Child readers have as much of a sense of history as they need when, as in the fairy tales, or stories set in Roman, Victorian and Edwardian times, the period's downright obvious. Bring forward the story until the fashions and speech patterns are no longer strange, and it's a different story. Children don't scour the front of their books for publication dates, and something written in 1970 or 1980 may mean something very different now.

Take The Granny Project, first published in 1983. As Granny lies dying, the children pass the time remembering the stray remarks she made to their good friends Lavinia and George, the first black neighbours ever to move into the street. "Do you remember how she told Lavinia she must have been standing behind the door when God's angels ironed all the hair out straight?" "She told George he'd been baked too long in the oven!" "She used to call them Piccaninnies!"

By 1990, any Granny still letting drop this sort of thing was not the amiable character I had in mind. This passage, already removed from school editions, has now gone entirely. Is this political correctness? Yes, if that means sensitivity to the world in which we now live. A book given by an adult to a child includes a sort of imprimatur: this is a reasonable way of looking at the world unless the author somehow shows you that the behaviour's unacceptable. And so Celeste, in The Angel of Nitshill Road, no longer stares at the bully's quite appalling playground behaviour and asks, "Poor boy. Is he mental?" She says instead, "Poor boy. Is he touched with the feather of madness?" The book loses nothing, and there is one fewer free-floating insult in the world directed at a vulnerable group with whom the children who read my books now, through inclusion, have more educational connections, and who may well be reading the book themselves.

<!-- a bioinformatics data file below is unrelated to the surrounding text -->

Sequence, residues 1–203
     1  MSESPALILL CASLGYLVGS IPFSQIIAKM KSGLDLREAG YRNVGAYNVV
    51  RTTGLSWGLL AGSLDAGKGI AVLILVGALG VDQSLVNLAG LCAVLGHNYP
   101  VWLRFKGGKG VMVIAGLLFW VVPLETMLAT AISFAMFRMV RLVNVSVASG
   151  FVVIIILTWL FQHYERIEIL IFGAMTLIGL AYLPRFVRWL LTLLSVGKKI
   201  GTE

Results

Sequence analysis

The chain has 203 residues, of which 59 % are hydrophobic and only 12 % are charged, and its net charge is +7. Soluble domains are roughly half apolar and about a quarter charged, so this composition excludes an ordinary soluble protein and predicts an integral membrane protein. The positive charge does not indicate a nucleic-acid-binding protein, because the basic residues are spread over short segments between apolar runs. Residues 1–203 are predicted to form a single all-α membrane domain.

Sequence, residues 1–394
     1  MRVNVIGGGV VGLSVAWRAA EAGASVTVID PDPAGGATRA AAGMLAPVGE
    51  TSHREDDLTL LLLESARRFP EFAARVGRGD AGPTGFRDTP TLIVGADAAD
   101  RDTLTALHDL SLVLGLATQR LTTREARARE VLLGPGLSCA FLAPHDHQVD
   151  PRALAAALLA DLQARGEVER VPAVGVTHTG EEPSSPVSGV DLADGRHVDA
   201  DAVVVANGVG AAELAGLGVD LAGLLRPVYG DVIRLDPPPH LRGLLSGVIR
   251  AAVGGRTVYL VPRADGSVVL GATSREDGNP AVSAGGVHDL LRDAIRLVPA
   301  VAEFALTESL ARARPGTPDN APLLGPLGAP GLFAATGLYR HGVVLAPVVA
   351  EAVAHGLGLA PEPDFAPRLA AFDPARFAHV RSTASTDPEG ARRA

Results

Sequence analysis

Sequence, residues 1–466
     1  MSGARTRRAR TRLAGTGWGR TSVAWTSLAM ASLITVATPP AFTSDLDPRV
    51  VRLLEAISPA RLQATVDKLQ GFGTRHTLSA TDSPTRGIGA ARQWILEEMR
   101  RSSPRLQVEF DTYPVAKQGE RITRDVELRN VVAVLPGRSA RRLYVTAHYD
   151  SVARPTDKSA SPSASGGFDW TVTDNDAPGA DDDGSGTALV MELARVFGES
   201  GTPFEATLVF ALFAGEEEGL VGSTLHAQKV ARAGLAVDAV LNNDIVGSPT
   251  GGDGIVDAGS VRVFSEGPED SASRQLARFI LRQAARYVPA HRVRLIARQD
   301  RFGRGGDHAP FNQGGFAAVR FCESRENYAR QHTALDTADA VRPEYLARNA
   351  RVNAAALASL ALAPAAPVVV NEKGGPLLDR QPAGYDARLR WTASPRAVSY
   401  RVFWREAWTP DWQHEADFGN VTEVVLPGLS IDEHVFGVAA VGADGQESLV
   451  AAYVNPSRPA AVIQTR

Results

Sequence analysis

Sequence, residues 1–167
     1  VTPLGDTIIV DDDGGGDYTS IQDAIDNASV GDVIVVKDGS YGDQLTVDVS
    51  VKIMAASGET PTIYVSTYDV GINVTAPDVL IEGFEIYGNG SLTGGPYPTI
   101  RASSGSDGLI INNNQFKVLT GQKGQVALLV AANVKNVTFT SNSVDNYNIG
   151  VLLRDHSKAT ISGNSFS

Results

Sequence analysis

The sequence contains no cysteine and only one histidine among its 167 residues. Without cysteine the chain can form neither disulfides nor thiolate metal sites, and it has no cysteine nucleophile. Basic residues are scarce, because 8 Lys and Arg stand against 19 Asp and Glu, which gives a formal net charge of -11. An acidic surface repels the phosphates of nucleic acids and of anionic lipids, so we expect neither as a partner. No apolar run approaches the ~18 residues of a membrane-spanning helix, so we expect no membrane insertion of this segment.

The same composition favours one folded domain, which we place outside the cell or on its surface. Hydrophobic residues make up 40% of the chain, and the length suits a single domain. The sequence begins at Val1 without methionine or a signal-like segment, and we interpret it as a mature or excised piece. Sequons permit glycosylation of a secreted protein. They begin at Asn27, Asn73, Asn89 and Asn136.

Sometimes the airbrushing is for other reasons. Let there not be an ugly rush for all the early editions of Bill's New Frock, where Mrs Collins peers at her exasperated, baffled pupil and infelicitously asks, "Bill, are you feeling yourself?" To save the nation's primary school teachers from endless bursts of sniggering, we slid in one useful little word. "Bill, are you feeling quite yourself?"

Some changes are designed merely to pull the novel back in line to what I had before. In the comedy about the horrors of having a tempestuous teenager in the house, The Book of the Banshee, the head teacher gathers the parents to stiffen their sinews about the virtues of sticking together in order to face down their offspring's determined and perennial claims that "Everyone else is allowed to do it." "Nobody smokes. Nobody drinks. And nobody goes to the discoteque!" Has anyone over twelve been to a discoteque lately? They're afternoons with lemonade in parish halls. So that's been changed to 'clubs and bars' simply to keep the meaning. For the same reason, the midwife in On the Summerhouse Steps has been upgraded from a bicycle to a car, and my young heroine, thirty years on, looks forward to chocolate fudge cake. If I had stuck with her old chocolate biscuits, what a sad sack she'd seem today.